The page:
Ecosystem Warming Impacts Photosynthesis Differently in Co-Occurring Boreal Trees

Warming increases photosynthesis in tamarack trees but not in black spruce.

Black spruce and tamarack trees within a 12.8-m diameter open-top whole ecosystem warming enclosure at the SPRUCE experiment in Minnesota showed differences in photosynthetic activity at higher temperatures.

[Courtesy Oak Ridge National Laboratory.]

The Science

Researchers measured leaf photosynthesis, respiration, and nitrogen content of mature boreal trees in the Spruce and Peatland Responses Under Changing Environments (SPRUCE) whole ecosystem warming enclosures, one or two years after treatments began. Over time, tamarack trees displayed increased photosynthesis with warming, due to higher nitrogen content and by keeping their stomatal pores open to allow for CO2 uptake by the leaves. In contrast, the black spruce trees reduced their stomatal pore opening, and photosynthesis did not change with temperature. Respiration rates were not down regulated with warming, indicating a lack of acclimation, thus higher temperature led to greater rates of carbon use by respiration.

The Impact

Tree species that increase photosynthesis and reduce respiration with warming will display greater net carbon uptake and thus benefit by temperature increases. Since only tamarack trees increased photosynthesis, and neither tree species reduced respiration, the tamarack trees may have more carbon available for growth, maintenance, and defense than black spruce trees. This, in turn, could affect relative rates of success and, over time, impact the balance of species in the ecosystem with implications for carbon sequestration.

Summary

The decade-long SPRUCE experiment consists of five warming treatments (+0 to +9°C) with or without the addition of elevated CO 2 (+500 ppm) in a southern boreal bog ecosystem. Enclosures warm the air and deep belowground, providing scientists a glimpse of potential futures. Results from this work demonstrate that increased growth temperatures, in the range expected for the next century at high latitudes, have contrasting effects on stomatal behavior, photosynthetic performance, and respiration of two common boreal tree species in North America. These factors could affect the future growth and competitive ability of the trees. Though both species had higher leaf nitrogen in the warmer plots, tamarack was better able to maintain photosynthetic performance under warmer, drier conditions than was black spruce, due to different stomatal behaviors. This implies that tamarack may be better able to maintain favorable carbon balance and growth under warmer climates, provided that soil water is available. However, by maintaining greater stomatal pore opening in tamarack, the trees will use more water, which could lead to water stress and increased sensitivity to drought in the future. These data suggest that species-specific responses to future climate change may dictate how forest carbon and water fluxes change over the next few decades in boreal forests.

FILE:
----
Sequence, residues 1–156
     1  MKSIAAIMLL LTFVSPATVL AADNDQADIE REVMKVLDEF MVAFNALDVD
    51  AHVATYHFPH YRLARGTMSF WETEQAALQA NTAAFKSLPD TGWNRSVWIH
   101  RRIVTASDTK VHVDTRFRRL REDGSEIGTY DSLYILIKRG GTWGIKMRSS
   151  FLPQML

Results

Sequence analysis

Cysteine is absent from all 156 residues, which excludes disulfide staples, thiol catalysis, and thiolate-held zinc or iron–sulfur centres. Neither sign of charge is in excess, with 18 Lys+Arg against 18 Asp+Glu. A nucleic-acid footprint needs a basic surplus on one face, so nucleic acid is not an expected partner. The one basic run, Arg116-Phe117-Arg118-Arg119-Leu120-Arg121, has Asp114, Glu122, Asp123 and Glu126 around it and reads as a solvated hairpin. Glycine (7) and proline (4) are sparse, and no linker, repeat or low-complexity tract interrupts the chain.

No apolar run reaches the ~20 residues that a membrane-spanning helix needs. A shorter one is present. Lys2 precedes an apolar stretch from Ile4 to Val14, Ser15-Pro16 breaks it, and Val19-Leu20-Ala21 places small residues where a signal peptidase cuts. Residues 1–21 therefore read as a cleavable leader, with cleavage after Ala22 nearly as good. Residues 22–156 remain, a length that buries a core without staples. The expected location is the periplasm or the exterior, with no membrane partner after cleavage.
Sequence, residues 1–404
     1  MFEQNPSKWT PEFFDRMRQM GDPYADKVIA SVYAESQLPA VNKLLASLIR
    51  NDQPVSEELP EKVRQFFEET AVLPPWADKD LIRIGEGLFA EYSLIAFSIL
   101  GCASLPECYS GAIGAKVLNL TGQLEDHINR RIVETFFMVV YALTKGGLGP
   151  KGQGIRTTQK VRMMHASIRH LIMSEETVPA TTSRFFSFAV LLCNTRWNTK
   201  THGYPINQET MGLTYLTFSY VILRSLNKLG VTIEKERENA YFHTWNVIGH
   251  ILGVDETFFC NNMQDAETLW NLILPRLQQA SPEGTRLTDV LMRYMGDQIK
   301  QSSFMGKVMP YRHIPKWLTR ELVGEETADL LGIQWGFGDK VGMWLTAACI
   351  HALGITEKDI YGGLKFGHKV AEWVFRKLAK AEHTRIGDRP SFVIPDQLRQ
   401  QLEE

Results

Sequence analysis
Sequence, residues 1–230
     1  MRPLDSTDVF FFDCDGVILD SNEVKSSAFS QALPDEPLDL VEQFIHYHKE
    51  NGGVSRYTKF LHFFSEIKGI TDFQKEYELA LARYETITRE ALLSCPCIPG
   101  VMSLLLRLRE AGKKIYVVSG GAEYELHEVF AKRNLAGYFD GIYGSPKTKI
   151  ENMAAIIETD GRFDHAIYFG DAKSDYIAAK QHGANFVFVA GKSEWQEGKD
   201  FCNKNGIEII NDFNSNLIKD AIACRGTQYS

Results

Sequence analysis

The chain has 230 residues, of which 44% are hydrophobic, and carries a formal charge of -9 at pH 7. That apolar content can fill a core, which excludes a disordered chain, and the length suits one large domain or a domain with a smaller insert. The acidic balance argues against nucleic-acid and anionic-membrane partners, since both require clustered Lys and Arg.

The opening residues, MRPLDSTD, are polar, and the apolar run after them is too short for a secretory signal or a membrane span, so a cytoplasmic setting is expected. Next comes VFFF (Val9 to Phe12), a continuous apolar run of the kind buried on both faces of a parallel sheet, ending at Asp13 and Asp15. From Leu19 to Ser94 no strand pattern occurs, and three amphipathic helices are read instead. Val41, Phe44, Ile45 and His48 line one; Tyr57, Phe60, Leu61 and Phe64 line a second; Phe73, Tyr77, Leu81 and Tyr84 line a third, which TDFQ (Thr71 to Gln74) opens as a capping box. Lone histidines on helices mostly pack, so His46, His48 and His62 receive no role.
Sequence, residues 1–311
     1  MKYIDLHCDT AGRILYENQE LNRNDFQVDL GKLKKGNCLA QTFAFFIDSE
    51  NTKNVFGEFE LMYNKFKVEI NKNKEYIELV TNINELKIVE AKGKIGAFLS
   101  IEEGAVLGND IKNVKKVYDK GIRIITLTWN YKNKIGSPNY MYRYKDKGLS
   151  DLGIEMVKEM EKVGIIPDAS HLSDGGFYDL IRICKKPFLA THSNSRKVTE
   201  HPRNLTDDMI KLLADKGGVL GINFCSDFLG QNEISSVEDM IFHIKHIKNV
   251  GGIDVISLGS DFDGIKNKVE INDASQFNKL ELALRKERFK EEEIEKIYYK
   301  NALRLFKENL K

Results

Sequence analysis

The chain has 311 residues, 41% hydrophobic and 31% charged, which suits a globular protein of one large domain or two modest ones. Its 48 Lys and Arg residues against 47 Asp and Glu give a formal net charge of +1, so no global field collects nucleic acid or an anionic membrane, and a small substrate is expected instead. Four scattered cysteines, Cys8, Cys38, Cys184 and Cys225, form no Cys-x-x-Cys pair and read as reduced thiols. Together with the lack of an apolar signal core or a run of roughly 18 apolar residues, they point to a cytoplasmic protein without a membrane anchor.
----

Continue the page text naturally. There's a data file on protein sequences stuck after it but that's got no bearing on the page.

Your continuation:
Principal Investigator

Jeffrey Warren
Oak Ridge National Laboratory
[email protected]

Program Manager

Daniel Stover
U.S. Department of Energy, Biological and Environmental Research (SC-33)
Environmental System Science
[email protected]

Funding

This research was supported by the Office of Biological and Environmental Research (BER), within the U.S. Department of Energy’s (DOE) Office of Science. Oak Ridge National Laboratory is managed by UT-Battelle, LLC, for the DOE.

Related Links

References

Dusenge, M. E., et al. "Warming Induces Divergent Stomatal Dynamics in Co-Occurring Boreal Trees." Global Change Biology 27 3079–3094  (2021). https://doi.org/10.1111/gcb.15620.